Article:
The task being made clear, Joseph took it upon himself wholeheartedly. His prompt, direct, and courageous actions during the infancy of Jesus speak for themselves. The rest of his life was no doubt full of similar actions - acts of love - carried out day by day under far more "ordinary circumstances."

It is not surprising that he is such a good father to all of us, and to the whole Church.

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* I hope to continue reflecting and writing about Saint Joseph during this special year dedicated to him. *

Saturday, March 20, 2021

JJ Studios Begins Cartoon Series!

Not really...😉

But I have found a way to use one graphics application to put "regular" video into cartoon form. And I decided to experiment... using myself as the subject, of course. It's hardly likely that I could get anyone else to participate in something so goofy.

The "cartoon" is just an illusion created by filters that mess with the videographic process. It's not very convincing.

But the video is mercifully short. The tech will improve. It probably already has, and I'm just discovering it late as usual. Right now it doesn't appear useful for much, other than for me to have a bit of fun at my own expense.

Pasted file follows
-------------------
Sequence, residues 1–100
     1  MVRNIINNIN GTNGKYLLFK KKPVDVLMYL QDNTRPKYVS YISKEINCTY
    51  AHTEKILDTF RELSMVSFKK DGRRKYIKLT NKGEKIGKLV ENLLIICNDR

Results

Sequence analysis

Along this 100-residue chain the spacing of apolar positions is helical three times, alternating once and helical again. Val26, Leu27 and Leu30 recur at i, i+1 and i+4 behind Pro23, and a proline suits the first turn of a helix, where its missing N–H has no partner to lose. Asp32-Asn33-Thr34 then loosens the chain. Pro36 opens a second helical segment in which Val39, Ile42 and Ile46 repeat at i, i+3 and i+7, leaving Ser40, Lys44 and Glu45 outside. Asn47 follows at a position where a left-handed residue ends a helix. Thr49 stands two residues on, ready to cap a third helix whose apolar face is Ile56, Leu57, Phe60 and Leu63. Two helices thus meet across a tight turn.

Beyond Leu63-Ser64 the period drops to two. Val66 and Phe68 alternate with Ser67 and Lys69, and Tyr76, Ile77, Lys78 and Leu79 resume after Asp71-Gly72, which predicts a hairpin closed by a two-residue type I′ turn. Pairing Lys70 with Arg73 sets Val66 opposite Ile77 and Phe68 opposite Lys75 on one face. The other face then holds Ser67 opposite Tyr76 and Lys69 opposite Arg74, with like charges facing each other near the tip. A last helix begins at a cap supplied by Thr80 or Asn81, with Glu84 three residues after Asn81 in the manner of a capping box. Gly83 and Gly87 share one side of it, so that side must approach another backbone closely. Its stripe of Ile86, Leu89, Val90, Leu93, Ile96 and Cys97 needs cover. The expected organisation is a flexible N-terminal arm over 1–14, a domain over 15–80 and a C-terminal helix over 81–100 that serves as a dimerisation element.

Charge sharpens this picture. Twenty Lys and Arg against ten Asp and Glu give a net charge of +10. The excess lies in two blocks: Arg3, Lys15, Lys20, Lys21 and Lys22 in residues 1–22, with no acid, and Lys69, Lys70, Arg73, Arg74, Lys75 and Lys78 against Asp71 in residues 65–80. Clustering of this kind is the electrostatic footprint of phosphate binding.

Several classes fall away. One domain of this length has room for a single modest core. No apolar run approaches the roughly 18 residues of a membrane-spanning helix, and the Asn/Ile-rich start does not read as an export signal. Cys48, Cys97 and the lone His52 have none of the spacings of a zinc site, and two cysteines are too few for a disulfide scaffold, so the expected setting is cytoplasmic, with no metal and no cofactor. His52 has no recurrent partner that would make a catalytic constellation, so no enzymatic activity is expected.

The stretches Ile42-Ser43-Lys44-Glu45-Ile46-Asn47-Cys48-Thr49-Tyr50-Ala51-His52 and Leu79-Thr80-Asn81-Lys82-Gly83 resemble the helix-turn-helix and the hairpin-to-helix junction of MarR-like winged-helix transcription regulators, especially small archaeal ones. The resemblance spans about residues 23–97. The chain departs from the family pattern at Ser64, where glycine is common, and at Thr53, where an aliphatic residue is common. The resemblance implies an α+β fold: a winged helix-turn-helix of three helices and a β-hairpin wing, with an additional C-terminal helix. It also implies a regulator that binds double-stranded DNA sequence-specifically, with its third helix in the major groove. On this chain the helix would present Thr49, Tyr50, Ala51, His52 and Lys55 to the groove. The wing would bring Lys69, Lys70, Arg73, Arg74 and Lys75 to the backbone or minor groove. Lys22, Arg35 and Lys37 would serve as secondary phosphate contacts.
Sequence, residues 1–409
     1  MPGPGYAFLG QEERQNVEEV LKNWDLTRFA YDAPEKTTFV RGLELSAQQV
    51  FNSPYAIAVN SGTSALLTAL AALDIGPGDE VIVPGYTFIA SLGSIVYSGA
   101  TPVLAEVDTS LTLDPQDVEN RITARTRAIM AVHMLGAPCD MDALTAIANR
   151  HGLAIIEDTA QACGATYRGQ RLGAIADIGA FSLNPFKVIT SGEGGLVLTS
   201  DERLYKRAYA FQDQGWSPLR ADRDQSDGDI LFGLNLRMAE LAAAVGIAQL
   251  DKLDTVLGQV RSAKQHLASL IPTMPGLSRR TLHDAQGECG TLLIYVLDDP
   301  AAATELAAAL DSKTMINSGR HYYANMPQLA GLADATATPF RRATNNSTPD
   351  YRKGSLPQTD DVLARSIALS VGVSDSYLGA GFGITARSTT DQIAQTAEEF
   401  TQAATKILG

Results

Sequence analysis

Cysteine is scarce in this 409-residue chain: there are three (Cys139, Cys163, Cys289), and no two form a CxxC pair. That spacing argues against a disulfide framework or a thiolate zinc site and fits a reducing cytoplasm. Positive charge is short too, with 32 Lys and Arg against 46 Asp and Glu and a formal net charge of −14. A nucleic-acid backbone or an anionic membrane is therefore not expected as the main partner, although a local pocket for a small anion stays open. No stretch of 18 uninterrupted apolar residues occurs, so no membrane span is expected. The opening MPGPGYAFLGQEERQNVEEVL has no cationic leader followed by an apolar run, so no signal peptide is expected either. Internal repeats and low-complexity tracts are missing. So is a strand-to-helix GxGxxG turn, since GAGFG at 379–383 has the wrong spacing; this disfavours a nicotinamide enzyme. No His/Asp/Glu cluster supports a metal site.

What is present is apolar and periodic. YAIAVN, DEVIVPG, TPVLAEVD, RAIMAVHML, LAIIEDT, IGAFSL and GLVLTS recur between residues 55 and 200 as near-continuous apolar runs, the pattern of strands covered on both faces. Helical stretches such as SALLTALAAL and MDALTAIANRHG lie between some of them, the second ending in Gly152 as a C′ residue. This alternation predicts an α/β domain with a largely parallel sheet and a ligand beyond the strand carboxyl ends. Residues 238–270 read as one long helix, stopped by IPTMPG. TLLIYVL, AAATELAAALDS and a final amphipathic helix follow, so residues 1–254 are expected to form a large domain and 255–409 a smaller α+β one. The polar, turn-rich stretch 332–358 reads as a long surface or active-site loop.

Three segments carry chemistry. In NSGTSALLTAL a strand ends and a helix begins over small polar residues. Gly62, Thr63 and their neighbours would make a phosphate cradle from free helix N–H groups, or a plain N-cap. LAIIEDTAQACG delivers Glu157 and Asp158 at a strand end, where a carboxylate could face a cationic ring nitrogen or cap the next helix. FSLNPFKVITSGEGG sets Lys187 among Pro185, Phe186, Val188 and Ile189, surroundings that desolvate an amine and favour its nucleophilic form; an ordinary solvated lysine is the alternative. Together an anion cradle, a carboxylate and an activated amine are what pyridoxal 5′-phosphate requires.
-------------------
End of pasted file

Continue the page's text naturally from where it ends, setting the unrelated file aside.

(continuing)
Without further ado, let's roll:

Thursday, March 18, 2021

A Truth I Still Need to Remember...

I posted this text on March 19, 2011 (i.e. 10 years ago) on Twitter. I have underlined the date on red.

So much has changed since then, but this remains the same. I know that I still need to "remember" every day that God's love for me is stronger than all my sins, weaknesses, disappointments - that God embraces me in my loneliness.



Wednesday, March 17, 2021

Saint Patrick’s Day

We have begun the “Feast Day Breaks” during Lent. The Solemnity of Saint Joseph is in two days, and then comes the great Solemnity of the Annunciation on March 25 (next Thursday), only four days before Holy Week begins.

Today is also a big day, especially if you are Irish, or if you live in the lands in the West that seem to be the Great Extension of the Emerald Isle, that are also known as the “United States of America”!😉

Happy Saint Patrick’s Day!

********************************************************************************

What does this mean for the Janaro clan (part Irish on my wife’s side of the family)? Well, the clan is spread around a wee bit more these days (and growing!), so we didn’t get to raise glasses together or sing songs.

But we did ask for the prayers of Saint Patrick here at home. And we ate good food with a touch of the green theme, as usual: the lovely “O’Ravioli” with spinach (green!) and a bit of parsley (green!) sprinkled with the cheese on top [picture 1, below].